by John Royal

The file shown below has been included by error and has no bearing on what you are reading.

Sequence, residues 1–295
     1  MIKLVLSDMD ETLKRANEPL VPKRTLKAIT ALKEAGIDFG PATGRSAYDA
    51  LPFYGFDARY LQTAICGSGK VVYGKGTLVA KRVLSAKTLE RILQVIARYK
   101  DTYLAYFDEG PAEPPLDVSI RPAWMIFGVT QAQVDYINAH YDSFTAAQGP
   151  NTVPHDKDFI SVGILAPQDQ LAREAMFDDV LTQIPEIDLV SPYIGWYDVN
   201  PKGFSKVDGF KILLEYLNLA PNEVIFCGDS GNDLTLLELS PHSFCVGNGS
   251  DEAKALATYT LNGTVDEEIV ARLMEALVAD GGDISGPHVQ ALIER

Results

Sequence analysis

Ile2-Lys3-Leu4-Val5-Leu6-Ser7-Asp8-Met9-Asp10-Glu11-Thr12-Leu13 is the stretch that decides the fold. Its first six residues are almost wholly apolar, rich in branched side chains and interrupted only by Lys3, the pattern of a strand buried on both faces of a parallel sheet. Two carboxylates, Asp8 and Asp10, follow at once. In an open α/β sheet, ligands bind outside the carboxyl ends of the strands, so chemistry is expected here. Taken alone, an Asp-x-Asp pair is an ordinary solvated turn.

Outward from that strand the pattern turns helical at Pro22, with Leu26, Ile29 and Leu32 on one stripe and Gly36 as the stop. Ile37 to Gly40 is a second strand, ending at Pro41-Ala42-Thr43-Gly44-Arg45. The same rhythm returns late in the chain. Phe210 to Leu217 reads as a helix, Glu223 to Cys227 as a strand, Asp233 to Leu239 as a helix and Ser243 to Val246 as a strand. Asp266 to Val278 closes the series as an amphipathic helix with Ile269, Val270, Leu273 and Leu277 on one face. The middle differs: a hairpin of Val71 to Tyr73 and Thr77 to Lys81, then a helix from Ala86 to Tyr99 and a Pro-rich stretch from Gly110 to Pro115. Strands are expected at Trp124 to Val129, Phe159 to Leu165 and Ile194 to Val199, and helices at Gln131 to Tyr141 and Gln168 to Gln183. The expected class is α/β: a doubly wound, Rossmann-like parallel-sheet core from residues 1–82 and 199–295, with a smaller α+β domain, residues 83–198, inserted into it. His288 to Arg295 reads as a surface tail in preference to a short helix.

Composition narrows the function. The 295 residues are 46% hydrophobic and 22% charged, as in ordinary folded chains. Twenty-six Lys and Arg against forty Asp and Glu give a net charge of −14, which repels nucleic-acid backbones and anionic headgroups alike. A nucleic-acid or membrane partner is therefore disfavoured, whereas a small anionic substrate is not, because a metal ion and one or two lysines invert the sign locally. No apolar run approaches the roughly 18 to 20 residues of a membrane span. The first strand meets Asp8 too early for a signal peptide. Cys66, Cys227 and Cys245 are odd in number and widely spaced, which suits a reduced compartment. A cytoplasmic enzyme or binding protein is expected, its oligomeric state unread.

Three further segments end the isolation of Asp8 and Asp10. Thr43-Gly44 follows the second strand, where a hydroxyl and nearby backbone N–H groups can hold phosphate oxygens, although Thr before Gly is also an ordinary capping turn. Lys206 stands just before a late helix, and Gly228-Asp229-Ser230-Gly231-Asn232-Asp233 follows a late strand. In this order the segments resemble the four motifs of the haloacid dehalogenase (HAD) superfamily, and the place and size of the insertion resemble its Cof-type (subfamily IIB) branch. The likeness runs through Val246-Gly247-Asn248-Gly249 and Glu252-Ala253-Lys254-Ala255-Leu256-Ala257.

The producers of the James Bond movies made a much needed course correction in 2006. The series was rebooted, the character sent back to the start, with Bond not yet licensed to kill. There were no fancy gadgets and no megalomaniacal villains. Casino Royale was gritty, if a Bond movie could actually be called gritty. This Bond could bleed. He could possibly die. He could actually love and show feelings. And Daniel Craig, the sixth actor to play Bond, looked as if he’d rather throw a punch than make a quip. Casino Royale is arguably the best movie in the history of the Bond franchise. The next, Quantum of Solace, is a bit of a letdown, still it keeps in place what appears to be the franchise’s new formula. Tight editing and pacing. Fantastic visuals and more grounded fight scenes. Daniels Craig’s just as intense, but there’s no romance with the requisite Bond girl because both Bond and the woman have more important things to do. Sure the story’s a bit muddled, but then again, most Bond stories tend to be a bit muddled. There are many who claim that Skyfall, the next of the series, is the best of them all. And that’s understandable. There’s a charismatic villain. A plot centered on revenge. The visuals, under acclaimed director Sam Mendes, are perhaps the best ever and include a stunning nighttime fight sequence seemingly lit only in silhouette by the light of skyscrapers. Yet the film drags mightily in the last 30 minutes or so, and the plot is not only muddled, but convoluted with logic apparently tossed out the window. Still, Craig is fantastic as always, the opening pre-credit scene is superb, and it ends with a punch to the gut resulting from the death of Judi Dench’s “M”. Now comes Spectre, the fourth and possibly finally film in the franchise for Craig, who is teamed once again with Mendes. Spectre is undoubtedly the worst film of Craig’s tenure, which means that it’s still better than all of the Roger Moore films, three of the Pierce Brosnan films, and most of the Sean Connery films. But the disappointment is relative. It’s a Bond movie. With Daniel Craig. There’s a great pre-credit sequence, maybe the best of the entire series. The visuals are stupendous. The scenery gorgeous. The evil bad guy’s played by Christoph Waltz, one of the most charming, charismatic actors ever to grace the Bond franchise. Oh, and for the first time since Diamonds Are Forever, way back when Connery was quitting the series for a second time, Bond’s fighting SPECTRE. The problem with this Bond movie is that the whole isn’t as good as the parts. The set pieces are marvelous (particularly the opening scene in Mexico City and a water sequence on a Austrian lake in winter). There’s a weariness to Craig, and to his portrayal of Bond — undoubtedly born from the time and effort involved in making a Bond film — but it works for a Bond who appears tired of the cat-and-mouse chases and bureaucratic mazes of MI-6. And Waltz is excellent as Blofeld, the only problem being that he gets so little screen time, and so little to do with that limited screen time. Waltz’ limited screen time is puzzling considering just how bloated the rest of the movie is: bloated with secondary characters; bloated with subplots that would have been better served by being the subject of an entire Bond movie; bloated with set pieces that are set pieces because the best option for filling a hole in the plot is an extended action sequence. But the primary problem with the movie, the primary reason the movie doesn’t work and is bloated is simple. It goes back to Casino Royale and the rebooting of the Bond franchise. Bond’s a gritty fighter on Her Majesty’s Secret Service who does what he does not for God and Country, but for revenge. He’s revenging Vesper Lynd. He’s revenging M. He’s revenging the guy who killed Vesper. Every Daniel Craig Bond movie ties into every other Daniel Craig Bond movie. The brooding Bond must be explored and explained. So each movie becomes about serving an ever-expanding backstory for a character who, before the reboot, really didn't have a backstory. Thus in Spectre, the filmmakers attempt to tie up the plots of all of the Craig Bond movies with a pretty bow that’s not needed because James Bond is just supposed to be a spy with a license to kill, not a killer revenging his past who just happens to be a spy. And especially not when the entire Bond series is retconned so that Blofeld’s turned into a wronged child bent not on world domination, but is instead, himself, concerned only with revenging a past wrong visited upon by an unwitting Bond as a child. Still, for its faults, this Bond movie mesmerizes with stunning visuals and call backs to previous films in the Bond franchise — primarily You Only Live Twice, From Russia With Love, and On Her Majesty’s Secret Service. The cast is uniformly good. Daniel Craig goes down as the best Bond in the series’ history, and the scenes between he and Naomi Harris’ Moneypenny sparkle with a joy and wit that’ll be hard to replicate when Bond’s recast. One only wishes that, if the rumors are true and this is Craig’s last film as Bond, he could have gone out with a film befitting all that he has done to revitalize the character and the franchise. Spectre disappoints, but only because the other Bond films starring Daniel Craig are so much better. It’s still better than most of the rest of the films in the franchise, but one just wishes those behind the film would dial it back, go back toward Casino Royale and simplicity. The guy’s got a license to kill. There’s no other explanation needed for why he does what he does.